17. Your description of what happens under clipping is not borne out in the real world.

    For one thing, no amplfier will never produce a pure square wave no matter how hard you clip it. For another, square waves are not DC and not even remotely like DC, other than the fact that the heating power is the same. Yet another thing is that the 'square wave' you see on the scope is really a combination of a lot of sine waves and does not lock the cone into place at any time. Furthermore, the inertia of the cone would allow the cone to move in a practically sinusoidal fashion anyway. Also, clipping doesn't necessarily move the cone out to maximum excursion, that's highly dependent on the amplitude and frequency of the signal. Speakers don't greatly depend on movement for cooling either. That's part of the equation but the transfer of heat across the gap and into the magnet accounts for the bulk of a speaker's cooling efficiency. If you start getting the coil out of the gap you'll quickly damage things, no matter how clean the power.

    I've actually tested all this stuff experimentally. There is no significant difference in heating (or current draw) between a pure square wave and a pure sine wave set up to dissipate the same power in a speaker. I.e. the RMS voltage of the sine wave is equal to the peak voltage of the square wave for equivalent heating power. Obviously, there's a difference if the peak voltages are the same because the square wave develops twice as much power as the sine wave does.
     
  18. This still isn't underpowering the cab, because it has nothing to do with the ratio between the amp's output and the cab's power handling. It's a simple matter of bigger amps sounding better because they provide more headroom. Of course your Epi doesn't sound good when you crank your 300 W amp. The fact that you're cranking your amp means that you don't have enough amp for the job you're trying to do. Making you underpowered for your playing situation, not underpowered for your cab. If you replace that 300 W amp with a 1000 W amp, you're going to sound better regardless of your cab's power rating (assuming the cab can take the power).

    As for some cabs sounding better with more power, I've never found this to be true. My experience has been that *all* cabs sound better with bigger amps (= more headroom), within the limits of their particular capacities. It's not that, say, Acmes and Epis like headroom and Bergs and Edens don't. I don't think there's any magic there.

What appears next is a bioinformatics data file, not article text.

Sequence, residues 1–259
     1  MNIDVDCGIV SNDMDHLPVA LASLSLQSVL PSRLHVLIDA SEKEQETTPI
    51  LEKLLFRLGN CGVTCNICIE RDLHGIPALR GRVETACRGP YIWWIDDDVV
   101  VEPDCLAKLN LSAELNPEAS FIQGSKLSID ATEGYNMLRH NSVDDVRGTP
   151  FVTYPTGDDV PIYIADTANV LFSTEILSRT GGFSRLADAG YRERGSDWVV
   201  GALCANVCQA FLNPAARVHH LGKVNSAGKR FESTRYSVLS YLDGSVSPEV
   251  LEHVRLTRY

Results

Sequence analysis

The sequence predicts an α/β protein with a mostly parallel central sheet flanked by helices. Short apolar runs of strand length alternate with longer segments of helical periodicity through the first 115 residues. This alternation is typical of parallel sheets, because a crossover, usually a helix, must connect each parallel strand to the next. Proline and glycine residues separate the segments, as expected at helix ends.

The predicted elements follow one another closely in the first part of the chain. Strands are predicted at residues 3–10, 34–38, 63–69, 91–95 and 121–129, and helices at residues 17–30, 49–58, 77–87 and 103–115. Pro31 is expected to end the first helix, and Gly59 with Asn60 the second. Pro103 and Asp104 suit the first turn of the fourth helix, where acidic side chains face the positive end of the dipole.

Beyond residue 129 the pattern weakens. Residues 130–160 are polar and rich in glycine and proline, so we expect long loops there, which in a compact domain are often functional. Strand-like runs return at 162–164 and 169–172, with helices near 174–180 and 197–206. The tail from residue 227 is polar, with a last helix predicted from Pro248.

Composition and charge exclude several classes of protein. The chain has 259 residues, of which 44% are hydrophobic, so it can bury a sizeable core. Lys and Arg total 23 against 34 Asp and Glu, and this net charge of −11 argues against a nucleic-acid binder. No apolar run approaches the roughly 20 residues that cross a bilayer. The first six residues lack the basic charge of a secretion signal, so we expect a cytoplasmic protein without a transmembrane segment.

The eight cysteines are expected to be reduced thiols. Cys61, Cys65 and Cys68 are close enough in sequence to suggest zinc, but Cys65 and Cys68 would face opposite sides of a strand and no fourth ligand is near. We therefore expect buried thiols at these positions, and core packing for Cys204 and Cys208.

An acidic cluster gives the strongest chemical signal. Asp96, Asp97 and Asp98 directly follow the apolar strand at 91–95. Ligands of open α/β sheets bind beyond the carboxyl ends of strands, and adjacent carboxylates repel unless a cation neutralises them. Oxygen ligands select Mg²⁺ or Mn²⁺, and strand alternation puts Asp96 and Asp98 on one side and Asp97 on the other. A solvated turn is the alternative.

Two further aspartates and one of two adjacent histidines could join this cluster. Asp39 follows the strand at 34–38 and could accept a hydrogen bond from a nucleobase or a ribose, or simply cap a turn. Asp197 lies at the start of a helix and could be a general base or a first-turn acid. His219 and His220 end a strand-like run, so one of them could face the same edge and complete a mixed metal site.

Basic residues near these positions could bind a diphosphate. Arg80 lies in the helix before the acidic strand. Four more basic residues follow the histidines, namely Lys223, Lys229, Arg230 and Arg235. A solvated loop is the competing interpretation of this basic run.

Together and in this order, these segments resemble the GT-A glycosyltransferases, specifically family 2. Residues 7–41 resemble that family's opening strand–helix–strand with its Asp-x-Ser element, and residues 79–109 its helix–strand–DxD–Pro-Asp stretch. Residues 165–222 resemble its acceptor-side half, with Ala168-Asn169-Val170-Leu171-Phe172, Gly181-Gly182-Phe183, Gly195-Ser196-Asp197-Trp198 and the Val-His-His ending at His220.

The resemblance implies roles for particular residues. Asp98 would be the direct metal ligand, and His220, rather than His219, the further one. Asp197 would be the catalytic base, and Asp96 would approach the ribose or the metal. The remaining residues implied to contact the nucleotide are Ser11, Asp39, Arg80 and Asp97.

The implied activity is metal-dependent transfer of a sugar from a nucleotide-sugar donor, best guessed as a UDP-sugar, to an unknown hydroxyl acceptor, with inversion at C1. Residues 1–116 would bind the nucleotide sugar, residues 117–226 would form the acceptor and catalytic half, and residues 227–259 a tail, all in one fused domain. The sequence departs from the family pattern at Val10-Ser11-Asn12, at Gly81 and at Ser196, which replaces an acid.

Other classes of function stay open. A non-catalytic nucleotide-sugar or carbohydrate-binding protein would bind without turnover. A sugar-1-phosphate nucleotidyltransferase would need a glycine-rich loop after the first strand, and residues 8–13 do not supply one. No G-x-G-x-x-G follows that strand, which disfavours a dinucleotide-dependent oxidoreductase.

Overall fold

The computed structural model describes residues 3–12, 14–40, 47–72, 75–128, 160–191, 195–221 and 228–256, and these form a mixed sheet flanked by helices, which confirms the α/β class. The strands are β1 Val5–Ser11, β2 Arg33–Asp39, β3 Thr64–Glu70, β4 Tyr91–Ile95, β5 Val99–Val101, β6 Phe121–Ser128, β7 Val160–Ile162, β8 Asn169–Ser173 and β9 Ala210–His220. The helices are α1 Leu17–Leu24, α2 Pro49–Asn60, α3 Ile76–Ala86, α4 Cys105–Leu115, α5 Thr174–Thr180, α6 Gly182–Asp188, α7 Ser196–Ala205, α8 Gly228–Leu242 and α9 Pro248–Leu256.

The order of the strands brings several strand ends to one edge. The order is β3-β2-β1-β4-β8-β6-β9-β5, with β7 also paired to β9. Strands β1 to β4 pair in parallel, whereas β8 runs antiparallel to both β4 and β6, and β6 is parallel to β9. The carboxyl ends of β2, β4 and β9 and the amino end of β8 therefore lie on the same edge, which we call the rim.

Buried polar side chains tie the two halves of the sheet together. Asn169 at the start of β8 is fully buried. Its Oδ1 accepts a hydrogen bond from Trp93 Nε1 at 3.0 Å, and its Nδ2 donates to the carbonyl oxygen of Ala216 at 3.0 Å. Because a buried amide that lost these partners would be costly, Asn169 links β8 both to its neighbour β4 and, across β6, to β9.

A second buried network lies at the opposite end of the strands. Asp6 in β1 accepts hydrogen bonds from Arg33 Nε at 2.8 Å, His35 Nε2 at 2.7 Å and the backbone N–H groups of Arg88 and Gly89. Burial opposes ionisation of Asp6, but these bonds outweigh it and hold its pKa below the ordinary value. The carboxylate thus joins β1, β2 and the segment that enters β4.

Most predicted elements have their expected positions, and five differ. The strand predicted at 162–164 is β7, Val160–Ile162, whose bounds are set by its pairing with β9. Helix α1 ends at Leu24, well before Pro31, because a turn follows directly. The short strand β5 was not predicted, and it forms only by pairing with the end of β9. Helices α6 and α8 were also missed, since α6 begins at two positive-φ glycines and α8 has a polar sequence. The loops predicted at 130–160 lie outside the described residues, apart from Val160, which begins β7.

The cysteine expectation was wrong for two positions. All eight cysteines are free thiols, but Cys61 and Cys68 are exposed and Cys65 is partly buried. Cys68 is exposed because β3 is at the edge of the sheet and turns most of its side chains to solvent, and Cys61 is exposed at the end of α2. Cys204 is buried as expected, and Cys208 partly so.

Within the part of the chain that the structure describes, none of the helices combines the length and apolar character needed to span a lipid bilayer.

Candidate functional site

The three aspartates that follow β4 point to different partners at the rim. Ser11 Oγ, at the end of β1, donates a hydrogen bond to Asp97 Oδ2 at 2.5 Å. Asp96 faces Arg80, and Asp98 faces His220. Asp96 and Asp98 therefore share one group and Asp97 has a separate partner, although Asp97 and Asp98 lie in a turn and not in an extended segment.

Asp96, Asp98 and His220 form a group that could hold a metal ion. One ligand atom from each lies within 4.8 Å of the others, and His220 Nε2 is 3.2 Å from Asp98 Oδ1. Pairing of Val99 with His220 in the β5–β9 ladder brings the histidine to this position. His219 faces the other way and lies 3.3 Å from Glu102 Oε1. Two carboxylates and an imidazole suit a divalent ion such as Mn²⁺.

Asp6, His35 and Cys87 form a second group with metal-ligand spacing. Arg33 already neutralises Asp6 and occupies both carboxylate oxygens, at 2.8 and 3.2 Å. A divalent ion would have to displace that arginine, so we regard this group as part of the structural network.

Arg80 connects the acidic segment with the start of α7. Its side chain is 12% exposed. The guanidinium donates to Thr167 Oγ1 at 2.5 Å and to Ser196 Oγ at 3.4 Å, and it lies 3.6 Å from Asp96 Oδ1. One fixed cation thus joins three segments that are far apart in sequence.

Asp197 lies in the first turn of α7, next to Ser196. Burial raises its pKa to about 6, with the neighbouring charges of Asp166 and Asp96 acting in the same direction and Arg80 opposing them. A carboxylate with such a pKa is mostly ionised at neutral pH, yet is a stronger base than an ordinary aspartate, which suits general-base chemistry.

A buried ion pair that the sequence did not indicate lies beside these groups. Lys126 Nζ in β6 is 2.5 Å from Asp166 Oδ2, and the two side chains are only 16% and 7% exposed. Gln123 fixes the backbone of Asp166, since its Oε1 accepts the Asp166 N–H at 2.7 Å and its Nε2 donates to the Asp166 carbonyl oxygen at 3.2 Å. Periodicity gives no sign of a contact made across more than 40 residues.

19. paulraphael

    paulraphael

    Apr 13, 2006
    Brooklyn
    If you heard me play, you'd stop reading what I write.
    So does this mean that the peak power of the square wave would be equal to roughly twice the rms power of the amp?

    I'd be interested in seeing more about your experiments. The explanation I gave was based purely on what a speaker engineer told me. It was in reference to stereo speakers, not bass cab speakers, but the physics seem to be the same. I've seen a lot of stereo speakers blown with amps well below the 'power rating' of the speaker, and i asked him why. I've also seen bass speakers behaving the way he described when an amp clipped hard--fluttering in place and moving erratically.

    I also wasn't suggesting that the speaker dissipates its heat by moving. It creates its impedance by moving; the motion of the coils past the magnet creates the back EMF that is the primary source of resistance to the amplifier's voltage. If the speaker cone is restrained, the impedance vanishes and the coils can suddenly see way more current than they were designed for.
     
  20. paulraphael

    paulraphael

    Apr 13, 2006
    Brooklyn
    If you heard me play, you'd stop reading what I write.
    of course. i don't think there's an actual phenomenon called "underpowering a cab." i'm using that as shorthand for a couple of separate reasons why too little power can be a bad thing.

    I agree in general, but in my experience some cabs sound worse with an underpowered amp than others. The Edens that I've played through still sound like Edens with a 200 or 300 watt amp. They just don't sound quite as good or as loud as they could. On the other hand my Epi sounds like ass with an underpowered amp. I barely recognize it as mine. It's loose and floppy and slow. It may have as much to do with damping factor as with power, i don't know.